On April 24, 2014, Palo Cedro and the Shasta County Community, as a whole, said goodbye to one of its most unforgettable and beloved citizens. Olive Rosellen, “Rose,” Shufelberger passed away at the age of 97, in her home of 59 years, just as she had wanted, with her family at her side.
Rose was preceded in death by her loving husband of 53 years, Vern Shufelberger; her brother Wade Notley Zimmerman, Jr.; and her sister Thelma June Klausner. She is survived by her 10 children and (their spouses): Karen, Keith (Diane), Al (Shelley), Alan (Sherry), Bob (Tish), Robin (Terry Lauerman), Mike (Sherry), Melanie (Jay Scott), Lester (Christine), and Lance (Janet); 21 grandchildren, 17 great-grandchildren, and three great-great-grandchildren. In addition, Rose is survived by three sisters: Mary Jane Barger, Kate Ann Scholz, and Laura Lea Young.
Rose was born February 11, 1917 to Wade Notley and Olive Noble Zimmerman, in Crip-ple Creek, Colorado. Within the first year of Rose’s life, the Zimmerman family purchased a farm near Liberal, Kansas. Rose was raised to be independent and hardworking, as were all of her siblings. Her chores were many and included: helping her mother can fruits and vegetables, caring for her younger siblings, and assisting her father in the fields. Rose could drive a team of horses as well as an adult, and by her own account, it was her favorite chore; however, school work came first on the Zimmerman farm. Rose especially enjoyed school and raced her brother on horseback to the schoolhouse each day, but only when they were out of view of their father and neighbors.
Education would always be an important part of Rose’s life. Both of her parents were school teachers and understood the value of a good education. Rose’s father was a staunch believer in advanced education and encouraged all of his children to attend college. Hence, Rose was anxious to start her college education soon after high school graduation. With her parent’s assistance and support, Rose was able to attend college at Panhandle A & M (Agricultural and Mechanical), in Oklahoma, boarding with a local family in exchange for house cleaning work. After acquiring enough units to start her teaching career, Rose re-turned to Western Kansas, where she taught first through eighth grade for two years at Blue Bell Elementary School, a one room schoolhouse on the prairie.
The year Rose turned 20, she met the love of her life, Vern Shufelberger, and on October 16, 1937, the two married–marking the beginning of their 53 years together as husband and wife. Rose finished her second year of teaching, while Vern returned to school, and in the spring of 1938, lured by the opportunity for work, and the support of family, they followed Rose’s family to Van Nuys, California, where they would soon start their own family. Shortly after settling in, both Rose and Vern went to work for The Zim-merman Dairy, which was owned and operated by Rose’s parents. Rose often assisted in milking the cows, but her daily chore was to drive the milk truck, making deliveries to customers and neighbors.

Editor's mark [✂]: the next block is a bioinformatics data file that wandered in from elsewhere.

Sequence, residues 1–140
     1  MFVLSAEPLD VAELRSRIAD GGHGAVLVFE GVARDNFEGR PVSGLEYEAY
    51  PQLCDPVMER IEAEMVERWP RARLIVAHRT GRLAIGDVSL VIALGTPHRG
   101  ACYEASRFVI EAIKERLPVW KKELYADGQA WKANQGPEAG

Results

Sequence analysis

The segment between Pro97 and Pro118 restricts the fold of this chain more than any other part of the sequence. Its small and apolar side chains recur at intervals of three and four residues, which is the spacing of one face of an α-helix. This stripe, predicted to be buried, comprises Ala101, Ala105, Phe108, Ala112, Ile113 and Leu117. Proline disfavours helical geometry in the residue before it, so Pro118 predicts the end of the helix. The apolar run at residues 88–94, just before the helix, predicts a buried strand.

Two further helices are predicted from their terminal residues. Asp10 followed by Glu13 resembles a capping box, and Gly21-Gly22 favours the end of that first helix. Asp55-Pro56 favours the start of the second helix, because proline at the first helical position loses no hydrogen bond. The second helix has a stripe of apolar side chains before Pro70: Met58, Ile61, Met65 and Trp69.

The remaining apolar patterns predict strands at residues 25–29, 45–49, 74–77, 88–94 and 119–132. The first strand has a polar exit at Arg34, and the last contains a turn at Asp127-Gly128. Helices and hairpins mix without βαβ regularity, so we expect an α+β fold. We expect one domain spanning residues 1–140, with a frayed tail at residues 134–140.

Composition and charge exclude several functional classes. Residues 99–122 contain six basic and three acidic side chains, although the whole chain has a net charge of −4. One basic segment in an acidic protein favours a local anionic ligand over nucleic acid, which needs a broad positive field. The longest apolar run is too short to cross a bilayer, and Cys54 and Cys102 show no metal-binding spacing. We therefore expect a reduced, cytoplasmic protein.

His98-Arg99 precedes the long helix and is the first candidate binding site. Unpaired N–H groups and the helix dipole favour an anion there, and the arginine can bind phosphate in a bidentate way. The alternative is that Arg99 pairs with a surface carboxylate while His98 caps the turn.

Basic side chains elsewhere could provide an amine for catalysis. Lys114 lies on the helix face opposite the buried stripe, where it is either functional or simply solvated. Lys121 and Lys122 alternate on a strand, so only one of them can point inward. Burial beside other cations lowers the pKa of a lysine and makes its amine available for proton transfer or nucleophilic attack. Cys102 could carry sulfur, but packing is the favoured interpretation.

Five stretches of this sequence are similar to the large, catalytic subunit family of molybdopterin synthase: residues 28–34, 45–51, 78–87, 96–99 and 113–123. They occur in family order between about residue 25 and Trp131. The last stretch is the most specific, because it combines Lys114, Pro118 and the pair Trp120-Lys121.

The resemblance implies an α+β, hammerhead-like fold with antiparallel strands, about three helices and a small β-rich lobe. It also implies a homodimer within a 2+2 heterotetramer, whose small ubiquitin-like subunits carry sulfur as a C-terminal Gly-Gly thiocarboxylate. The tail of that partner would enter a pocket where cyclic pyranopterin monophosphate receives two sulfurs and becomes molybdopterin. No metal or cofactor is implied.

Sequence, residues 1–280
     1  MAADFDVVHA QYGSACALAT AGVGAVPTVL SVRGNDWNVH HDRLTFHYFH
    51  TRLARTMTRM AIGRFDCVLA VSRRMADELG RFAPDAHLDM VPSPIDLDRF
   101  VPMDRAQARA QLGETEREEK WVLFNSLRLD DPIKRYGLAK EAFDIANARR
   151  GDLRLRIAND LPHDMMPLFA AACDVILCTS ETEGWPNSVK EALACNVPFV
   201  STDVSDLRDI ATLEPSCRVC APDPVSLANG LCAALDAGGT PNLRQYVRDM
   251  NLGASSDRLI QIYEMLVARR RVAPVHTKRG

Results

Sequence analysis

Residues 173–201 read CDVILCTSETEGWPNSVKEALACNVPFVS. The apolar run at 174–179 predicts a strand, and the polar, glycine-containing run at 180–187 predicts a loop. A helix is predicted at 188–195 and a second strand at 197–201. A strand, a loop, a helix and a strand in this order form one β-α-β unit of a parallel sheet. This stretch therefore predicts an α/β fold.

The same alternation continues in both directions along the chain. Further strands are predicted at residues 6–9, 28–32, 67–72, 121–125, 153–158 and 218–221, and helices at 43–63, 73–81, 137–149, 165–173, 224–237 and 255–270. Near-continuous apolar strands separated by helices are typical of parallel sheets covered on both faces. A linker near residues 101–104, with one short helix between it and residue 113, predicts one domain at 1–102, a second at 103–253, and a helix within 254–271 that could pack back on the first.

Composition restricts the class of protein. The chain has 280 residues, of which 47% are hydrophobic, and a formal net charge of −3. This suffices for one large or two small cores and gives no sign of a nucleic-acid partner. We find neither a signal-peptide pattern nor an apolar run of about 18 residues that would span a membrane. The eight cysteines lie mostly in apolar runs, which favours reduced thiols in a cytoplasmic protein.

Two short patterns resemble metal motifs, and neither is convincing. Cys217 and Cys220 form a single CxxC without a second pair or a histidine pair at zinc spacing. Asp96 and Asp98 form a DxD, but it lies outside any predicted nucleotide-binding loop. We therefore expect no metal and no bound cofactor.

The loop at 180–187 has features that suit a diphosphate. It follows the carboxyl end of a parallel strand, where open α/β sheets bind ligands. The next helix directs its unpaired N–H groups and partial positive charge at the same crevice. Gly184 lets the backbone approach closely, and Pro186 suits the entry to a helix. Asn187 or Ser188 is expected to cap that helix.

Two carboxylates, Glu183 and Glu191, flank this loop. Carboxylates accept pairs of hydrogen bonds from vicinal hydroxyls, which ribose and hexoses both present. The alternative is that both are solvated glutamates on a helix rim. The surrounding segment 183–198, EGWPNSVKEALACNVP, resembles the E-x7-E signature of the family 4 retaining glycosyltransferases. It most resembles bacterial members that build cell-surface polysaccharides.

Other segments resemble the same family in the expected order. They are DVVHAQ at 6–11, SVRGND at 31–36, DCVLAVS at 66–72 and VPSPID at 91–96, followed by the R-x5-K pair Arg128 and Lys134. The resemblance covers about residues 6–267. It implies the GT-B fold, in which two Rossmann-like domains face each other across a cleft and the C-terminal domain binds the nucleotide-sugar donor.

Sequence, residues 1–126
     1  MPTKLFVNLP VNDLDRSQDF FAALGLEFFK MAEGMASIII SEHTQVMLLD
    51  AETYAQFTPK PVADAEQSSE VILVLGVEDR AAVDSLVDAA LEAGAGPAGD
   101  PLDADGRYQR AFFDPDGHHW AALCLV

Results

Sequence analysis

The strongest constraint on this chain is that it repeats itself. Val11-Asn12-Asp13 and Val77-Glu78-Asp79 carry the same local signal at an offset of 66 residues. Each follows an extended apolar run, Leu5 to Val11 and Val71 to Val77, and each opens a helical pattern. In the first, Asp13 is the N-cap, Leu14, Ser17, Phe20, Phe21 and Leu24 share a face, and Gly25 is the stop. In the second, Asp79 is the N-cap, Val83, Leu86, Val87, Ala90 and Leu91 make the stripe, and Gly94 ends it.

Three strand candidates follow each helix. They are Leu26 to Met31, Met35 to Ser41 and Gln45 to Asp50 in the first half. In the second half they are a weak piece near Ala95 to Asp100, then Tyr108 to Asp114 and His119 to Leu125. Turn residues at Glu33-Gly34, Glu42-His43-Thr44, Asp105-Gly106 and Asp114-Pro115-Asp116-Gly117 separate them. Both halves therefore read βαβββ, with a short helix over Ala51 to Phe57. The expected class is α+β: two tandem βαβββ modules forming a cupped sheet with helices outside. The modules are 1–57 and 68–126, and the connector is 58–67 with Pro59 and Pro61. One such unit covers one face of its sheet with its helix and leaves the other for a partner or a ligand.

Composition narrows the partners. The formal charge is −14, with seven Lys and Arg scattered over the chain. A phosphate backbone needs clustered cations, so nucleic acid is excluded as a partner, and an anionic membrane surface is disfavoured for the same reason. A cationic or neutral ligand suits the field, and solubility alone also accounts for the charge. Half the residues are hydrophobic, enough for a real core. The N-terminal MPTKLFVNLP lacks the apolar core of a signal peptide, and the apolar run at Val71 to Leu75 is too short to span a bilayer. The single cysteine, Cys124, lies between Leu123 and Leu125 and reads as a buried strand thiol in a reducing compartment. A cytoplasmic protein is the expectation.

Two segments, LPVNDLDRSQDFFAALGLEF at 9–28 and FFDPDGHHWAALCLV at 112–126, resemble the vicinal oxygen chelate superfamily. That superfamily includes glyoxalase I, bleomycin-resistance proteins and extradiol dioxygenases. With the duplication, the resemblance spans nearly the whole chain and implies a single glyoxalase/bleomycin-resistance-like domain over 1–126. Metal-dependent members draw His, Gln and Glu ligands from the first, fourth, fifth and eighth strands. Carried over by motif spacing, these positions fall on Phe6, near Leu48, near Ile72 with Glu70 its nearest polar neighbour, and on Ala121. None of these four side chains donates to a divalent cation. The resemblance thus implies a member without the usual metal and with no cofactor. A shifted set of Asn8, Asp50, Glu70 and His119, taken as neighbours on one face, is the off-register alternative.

Due to zoning changes, the dairy was sold and moved to another location in the late 1940s. Seeking their next adventure, Rose and Vern bought a turkey ranch across the street from the defunct dairy in the early 1950s. In the peak years, more than 3,000 turkeys were sold during the Thanksgiving and Christmas Holidays. With Rose and Vern working together, the turkey business thrived. During the off season, the Shufelberger family butchered and sold approximately 100 chickens per week to supplement their income. However, with the addition of more homes in the area, tighter restrictions, and zoning modifications, Rose and Vern headed north to look for a better location with more land on which they could start a new dairy.
In the summer of 1955, after numerous trips to northern California, Rose and Vern finally found a 130-acre ranch where they could start a new dairy and raise their seven children. They borrowed a truck with a trailer and started the process of moving to Shasta County. The family of nine settled in and went to work. Soon, the truck from McCall’s Dairy was rolling up the drive-way to pick up 10-gallon cans of milk. They named their new ranch, Rovern Ranch (a hybrid of the couple’s first names).